Intensive care units and hospitals are getting a boost of hundreds of millions of dollars as the country moves to the Covid-19 traffic light system.
Minister of Health Andrew Little announced this morning the government would spend $100 million upgrading buildings and facilities and $544 million for operating costs, including staffing to prepare for when Covid was widespread in the community next year.
He said he had asked hospitals to identify ways of quickly increasing their intensive care beds - even though there was more than enough capacity than was likely to be needed.
"But as the country shifts to the traffic light system, we need to make sure we can cope with the unexpected," he said.
Four initial projects were announced.
The biggest was at West Auckland's Waitākere Hospital, which had been given $65.1 million to build space for 30 new ward beds, six ICU beds and two negative pressure rooms.
It currently had no ICU, sending patients to North Shore Hospital instead.
Its district health board was getting a further $5 million to covert eight existing elective surgery beds to surge intensive care beds.
Bay of Plenty was given $15.5 million to create two more ICU beds and 4 high dependency unit beds. Canterbury was getting $12 million for 12 ICU beds.
Little told Morning Report: "Even well before Covid, we were underdone when it comes to ICU capacity, so this has always been a thing that we had to do better on and the Covid pandemic has obviously shone a light on capacity issues and and even though this most recent outbreak, we've actually coped remarkably well with the increasing daily case numbers, ICU capacity has been available.
"We've hovered between about five and I think it topped out at 11 cases at any one time in ICU.
"With the traffic light system, Covid is going to move around the country. We need to know that we've done everything we can to maximize ICU capacity."
Of the projects announced yesterday, three would be available in the next six months - the other was a "couple of years away", Little said.
The first hospitals to see the cash would be North Shore Hospital, Tauranga Hospital and Christchurch Hospital.
"These things take a little time to bring on. Early this year I had said to those responsible for putting things together, if there's any opportunities we can take to accelerate ICU projects, let's bring those on. This is the product of that."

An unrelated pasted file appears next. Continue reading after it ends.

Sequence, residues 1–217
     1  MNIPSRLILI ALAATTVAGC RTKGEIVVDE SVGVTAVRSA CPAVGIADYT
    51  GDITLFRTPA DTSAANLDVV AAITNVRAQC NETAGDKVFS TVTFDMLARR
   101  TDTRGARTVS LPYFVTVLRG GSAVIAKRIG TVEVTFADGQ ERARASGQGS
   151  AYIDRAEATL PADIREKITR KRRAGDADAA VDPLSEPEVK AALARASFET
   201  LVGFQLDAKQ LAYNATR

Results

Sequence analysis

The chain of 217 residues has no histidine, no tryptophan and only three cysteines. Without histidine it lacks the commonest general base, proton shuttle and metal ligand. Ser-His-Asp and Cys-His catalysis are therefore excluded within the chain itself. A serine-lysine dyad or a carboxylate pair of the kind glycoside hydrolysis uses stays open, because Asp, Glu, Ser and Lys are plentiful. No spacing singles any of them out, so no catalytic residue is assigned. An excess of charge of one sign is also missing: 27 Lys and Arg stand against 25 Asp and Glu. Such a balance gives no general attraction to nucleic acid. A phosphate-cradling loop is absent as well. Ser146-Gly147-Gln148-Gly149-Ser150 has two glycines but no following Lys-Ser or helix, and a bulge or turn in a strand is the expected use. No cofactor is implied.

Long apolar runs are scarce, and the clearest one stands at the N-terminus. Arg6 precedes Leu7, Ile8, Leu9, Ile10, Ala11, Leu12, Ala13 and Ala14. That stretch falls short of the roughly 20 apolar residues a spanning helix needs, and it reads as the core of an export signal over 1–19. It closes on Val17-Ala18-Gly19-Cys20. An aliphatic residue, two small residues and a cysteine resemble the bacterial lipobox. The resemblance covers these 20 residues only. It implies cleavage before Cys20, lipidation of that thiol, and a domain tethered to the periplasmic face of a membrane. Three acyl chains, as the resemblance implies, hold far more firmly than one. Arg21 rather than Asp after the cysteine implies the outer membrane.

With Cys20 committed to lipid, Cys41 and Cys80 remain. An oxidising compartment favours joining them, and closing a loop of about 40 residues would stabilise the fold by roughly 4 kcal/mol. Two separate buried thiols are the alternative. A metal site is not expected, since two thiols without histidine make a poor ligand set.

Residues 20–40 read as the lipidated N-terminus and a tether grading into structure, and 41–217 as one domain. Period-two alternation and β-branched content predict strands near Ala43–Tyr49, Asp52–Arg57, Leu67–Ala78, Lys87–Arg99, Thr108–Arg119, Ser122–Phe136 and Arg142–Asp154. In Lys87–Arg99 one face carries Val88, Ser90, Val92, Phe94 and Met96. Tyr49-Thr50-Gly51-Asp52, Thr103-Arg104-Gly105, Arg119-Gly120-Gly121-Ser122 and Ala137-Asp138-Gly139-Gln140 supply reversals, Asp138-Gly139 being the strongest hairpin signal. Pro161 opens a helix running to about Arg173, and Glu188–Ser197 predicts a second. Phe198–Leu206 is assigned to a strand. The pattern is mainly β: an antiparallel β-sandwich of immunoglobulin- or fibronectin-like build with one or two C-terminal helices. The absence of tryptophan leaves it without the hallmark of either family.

Little said Waitākere, Tauranga and Christchurch were getting more DHB capacity because they had ICU plans that could be accelerated.
Intensive care doctors and nurses have long worried about how intensive care service around the country would cope when Covid became truly endemic, saying the government was overestimating how much capacity there was.
That was because they would have to care for people with Covid-19 on top of all the other usual care, for example, people who had been in car accidents, had a heart attack or who were recovering from certain serious surgeries.
They have said there is not enough capacity to cope without the high standard of care falling or some planned operations being put off.
The biggest barrier was not physical beds and equipment, but the nurses needed to staff these.
The College of Critical Care Nurses estimated the country's hospitals were short of about 90 already and said urgent moves were needed to recruit nurses from overseas, train more here, and pay those already working better.
There were not yet details on how the new funding would help to fix the problem.
Intensive care doctor and Intensive Care Society spokesperson, Andrew Stapleton, told Morning Report the society was "delighted".
"In the 70 years since there's been an intensive care in New Zealand, there's never been any targeted money in a package like this and there's the promise of more to come, so we're very hopeful that this is the beginning of moving in the right direction," Stapleton said.
"It will (make a difference) in the places it's targeted towards, so it is targeted and particularly the big win from this is Waitākere.
"So we talk about intensive care beds per 100,000. There's roughly four for the whole of New Zealand. Waitākere's got a population of 600,000 and no intensive care beds, and this is something we've been campaigning for some time.
"So, they're going to get six intensive care beds and a 30-bed inpatient ward, and this is great news for that region."
Intensive care beds cost about $1 million a year to run because of the staffing costs, Stapleton said.
"That gives you an idea that that is a significant boost."
While the money could have come sooner, "at this point we're not complaining".
Regarding Covid-19, the big test was yet to come, he said.
"It's easy to forget that Auckland, where the vast majority of Covid has been, has been in level 3 lockdown until today, so what happens two weeks from now is going to be interesting to see."
Little had earlier said 1400 nurses had completed a 4-hour online course to give them skills to help as a surge workforce if needed. But those in the field said they would be able to provide care around the edges at best.
Wellington Hospital ICU clinical director Alex Psirides welcomed the extra funding but said it would take years to properly train the staff needed for more intensive care beds.
He said the government's timeframes - including a promise to deliver on three of the projects in the next six months - didn't consider the staff-training aspect.
National's leader Christopher Luxon said the funding boost was just another example of the government being too slow in its Covid-19 response.
National's health spokesperson Dr Shane Reti said it was not clear why it had taken this long to pump money into intensive care.
The government should have funded ICUs out of the $486 million set aside for the health restructure in the last Budget, he said.